After al-Hasakeh prison break, Iraq ramps up security in prisons housing ISIS commanders


Shafaq News/ Iraqi security authorities ramped up security measures in and near the prisons housing members and commanders of the terrorist organization ISIS, a source revealed on Saturday.

The source told Shafaq News Agency, "senior commanders directed tightening security measures in the prisons where ISIS commanders are detained."

"Tight security measures were taken in the prisons of al-Taji, al-Kefl, al-Hout. The directive was issued in the aftermath of the attack on the Geweran prison in the Syrian city of al-Hasakeh and the prison break of senior ISIS commanders detained there."

Kurdish-led forces in northeast Syria on Thursday said they thwarted a prison break at a detention center holding ISIS militants.

A spokesperson for the US-backed Syrian Democratic Forces (SDF) said a car bomb was set off near Geweran prison in Hasakah province.

The "insurgence coincided w/a car bomb explosion near the prison conducted by ISIS sleeper cells, who infiltrated from the surrounding neighborhoods" and clashed with internal security forces, tweeted SDF spokesperson Farhad Shami, using the Arabic acronym for ISIS.

"In an attempt to create chaos, the Daesh detainees burned blankets and plastic materials inside dormitories," Shami said. "The members of terrorist cells who attacked the prison from outside fled to al-Zohour neighborhood near the prison and hid in civilian homes, and our forces imposed a security cordon around the area."

According to two residents cited by Reuters, several inmates were killed in the episode. The Syrian Observatory for Human Rights, a UK-based war monitor, said "a number of prisoners managed to escape."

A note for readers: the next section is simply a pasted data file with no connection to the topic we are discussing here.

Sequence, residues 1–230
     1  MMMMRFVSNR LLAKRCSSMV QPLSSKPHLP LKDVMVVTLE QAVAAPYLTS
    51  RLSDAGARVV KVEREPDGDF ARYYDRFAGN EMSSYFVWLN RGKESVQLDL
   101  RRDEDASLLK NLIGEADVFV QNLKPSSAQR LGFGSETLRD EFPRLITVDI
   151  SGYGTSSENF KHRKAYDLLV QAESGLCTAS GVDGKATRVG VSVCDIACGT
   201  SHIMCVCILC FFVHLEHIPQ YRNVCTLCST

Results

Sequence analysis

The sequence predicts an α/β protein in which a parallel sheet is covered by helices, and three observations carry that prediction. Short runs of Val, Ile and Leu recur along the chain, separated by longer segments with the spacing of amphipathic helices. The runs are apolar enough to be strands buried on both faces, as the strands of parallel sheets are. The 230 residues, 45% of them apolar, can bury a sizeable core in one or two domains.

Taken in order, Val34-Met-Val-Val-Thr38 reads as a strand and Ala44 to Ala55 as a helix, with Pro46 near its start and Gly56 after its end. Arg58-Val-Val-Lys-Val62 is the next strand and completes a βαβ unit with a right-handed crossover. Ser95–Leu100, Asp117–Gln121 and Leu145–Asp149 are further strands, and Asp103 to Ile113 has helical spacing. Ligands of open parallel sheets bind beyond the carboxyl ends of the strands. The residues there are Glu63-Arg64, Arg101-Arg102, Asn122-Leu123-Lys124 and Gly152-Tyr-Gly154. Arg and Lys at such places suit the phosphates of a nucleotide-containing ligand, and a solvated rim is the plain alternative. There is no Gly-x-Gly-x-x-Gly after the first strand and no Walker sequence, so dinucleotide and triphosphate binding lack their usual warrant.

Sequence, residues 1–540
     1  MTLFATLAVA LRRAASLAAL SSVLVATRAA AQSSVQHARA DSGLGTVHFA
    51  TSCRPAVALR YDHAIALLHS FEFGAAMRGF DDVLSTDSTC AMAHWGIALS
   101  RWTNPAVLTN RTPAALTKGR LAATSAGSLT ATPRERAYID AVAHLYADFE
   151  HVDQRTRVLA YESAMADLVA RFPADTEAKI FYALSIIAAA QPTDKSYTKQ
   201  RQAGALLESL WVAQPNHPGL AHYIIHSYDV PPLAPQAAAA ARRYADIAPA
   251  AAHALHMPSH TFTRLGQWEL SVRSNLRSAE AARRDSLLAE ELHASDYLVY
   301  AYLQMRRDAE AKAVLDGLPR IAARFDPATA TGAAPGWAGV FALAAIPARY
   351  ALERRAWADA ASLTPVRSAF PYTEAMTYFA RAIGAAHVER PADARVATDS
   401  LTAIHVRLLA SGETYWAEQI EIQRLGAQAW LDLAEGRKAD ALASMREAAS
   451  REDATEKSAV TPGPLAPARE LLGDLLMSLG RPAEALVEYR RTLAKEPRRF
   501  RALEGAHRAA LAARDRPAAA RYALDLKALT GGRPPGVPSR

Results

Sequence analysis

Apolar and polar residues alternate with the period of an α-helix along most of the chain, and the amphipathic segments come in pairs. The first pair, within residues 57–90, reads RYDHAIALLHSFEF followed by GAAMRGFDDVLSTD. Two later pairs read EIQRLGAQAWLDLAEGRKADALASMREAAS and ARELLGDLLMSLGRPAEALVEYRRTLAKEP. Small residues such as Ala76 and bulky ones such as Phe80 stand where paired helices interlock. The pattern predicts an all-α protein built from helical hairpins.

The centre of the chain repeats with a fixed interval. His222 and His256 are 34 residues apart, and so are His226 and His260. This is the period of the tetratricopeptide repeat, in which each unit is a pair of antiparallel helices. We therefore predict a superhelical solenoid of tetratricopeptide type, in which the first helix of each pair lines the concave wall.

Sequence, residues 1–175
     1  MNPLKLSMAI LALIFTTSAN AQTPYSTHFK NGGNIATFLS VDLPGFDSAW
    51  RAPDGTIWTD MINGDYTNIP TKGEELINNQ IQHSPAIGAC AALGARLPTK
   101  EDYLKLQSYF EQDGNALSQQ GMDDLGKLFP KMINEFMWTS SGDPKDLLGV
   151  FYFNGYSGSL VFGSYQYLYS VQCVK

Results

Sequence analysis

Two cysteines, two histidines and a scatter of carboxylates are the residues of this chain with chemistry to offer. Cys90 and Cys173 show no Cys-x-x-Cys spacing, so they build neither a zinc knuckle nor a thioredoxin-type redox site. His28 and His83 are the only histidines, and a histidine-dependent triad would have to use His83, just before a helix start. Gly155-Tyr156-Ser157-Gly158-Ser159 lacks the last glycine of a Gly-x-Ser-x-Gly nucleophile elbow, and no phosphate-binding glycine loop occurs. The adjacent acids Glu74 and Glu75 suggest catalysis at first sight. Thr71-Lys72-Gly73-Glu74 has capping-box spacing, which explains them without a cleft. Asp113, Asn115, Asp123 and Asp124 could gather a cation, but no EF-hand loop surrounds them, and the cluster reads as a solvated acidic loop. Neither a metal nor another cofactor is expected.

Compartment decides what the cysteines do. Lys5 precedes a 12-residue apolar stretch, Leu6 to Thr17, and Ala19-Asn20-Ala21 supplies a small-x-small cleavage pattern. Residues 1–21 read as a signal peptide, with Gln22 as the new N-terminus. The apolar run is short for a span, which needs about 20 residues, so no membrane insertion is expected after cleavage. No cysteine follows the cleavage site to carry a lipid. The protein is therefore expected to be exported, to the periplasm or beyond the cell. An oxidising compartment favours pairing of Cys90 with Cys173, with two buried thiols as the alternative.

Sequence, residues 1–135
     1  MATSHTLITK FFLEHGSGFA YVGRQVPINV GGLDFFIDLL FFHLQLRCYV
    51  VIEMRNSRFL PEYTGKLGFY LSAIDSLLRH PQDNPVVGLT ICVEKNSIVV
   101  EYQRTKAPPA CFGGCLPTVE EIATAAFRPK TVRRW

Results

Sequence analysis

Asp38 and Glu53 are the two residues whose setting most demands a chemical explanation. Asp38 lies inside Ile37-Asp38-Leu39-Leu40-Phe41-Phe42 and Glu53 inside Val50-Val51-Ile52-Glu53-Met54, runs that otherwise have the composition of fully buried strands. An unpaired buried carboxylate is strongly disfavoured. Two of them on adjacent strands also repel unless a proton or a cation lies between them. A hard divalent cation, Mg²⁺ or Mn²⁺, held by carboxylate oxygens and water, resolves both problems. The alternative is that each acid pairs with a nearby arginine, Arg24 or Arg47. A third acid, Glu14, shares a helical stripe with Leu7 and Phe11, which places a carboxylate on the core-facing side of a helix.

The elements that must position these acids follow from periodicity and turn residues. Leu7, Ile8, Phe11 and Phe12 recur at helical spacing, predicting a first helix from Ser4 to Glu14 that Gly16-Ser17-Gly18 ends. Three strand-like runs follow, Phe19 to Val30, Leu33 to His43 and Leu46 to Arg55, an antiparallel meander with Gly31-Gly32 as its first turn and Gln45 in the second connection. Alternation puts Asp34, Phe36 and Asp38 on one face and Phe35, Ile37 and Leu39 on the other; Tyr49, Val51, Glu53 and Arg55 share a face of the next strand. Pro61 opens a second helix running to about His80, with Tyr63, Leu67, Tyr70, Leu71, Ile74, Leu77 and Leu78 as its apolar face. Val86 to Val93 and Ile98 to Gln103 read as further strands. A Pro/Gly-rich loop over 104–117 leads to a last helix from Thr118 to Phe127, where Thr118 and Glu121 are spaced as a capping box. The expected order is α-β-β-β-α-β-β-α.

The prison unrest comes amid a recent rise in sleeper cell attacks, particularly in Syria's Deir ez-Zor region.

Nearly three years after IS lost its final stronghold in the Syrian town of Baghouz, the group has been exploiting the country's economic crisis to lure new recruits. Prison officials and current detainees in Hasakah told Al-Monitor that IS is offering irresistible sums of money to poor Syrians willing to join their ranks.

The SDF and its political arm, the Syrian Democratic Council (SDC), have long asked the United States and coalition partners for additional support in securing the detention facilities housing thousands of IS prisoners, many of whom Western governments have refused to repatriate and prosecute.

Sinam Mohamad, the SDC's top diplomat in Washington, tweeted Thursday that the prisons and the potential for detainees to escape remains a threat to northeast Syria.

"A solution should be found to keep the region stable and secure," she said.

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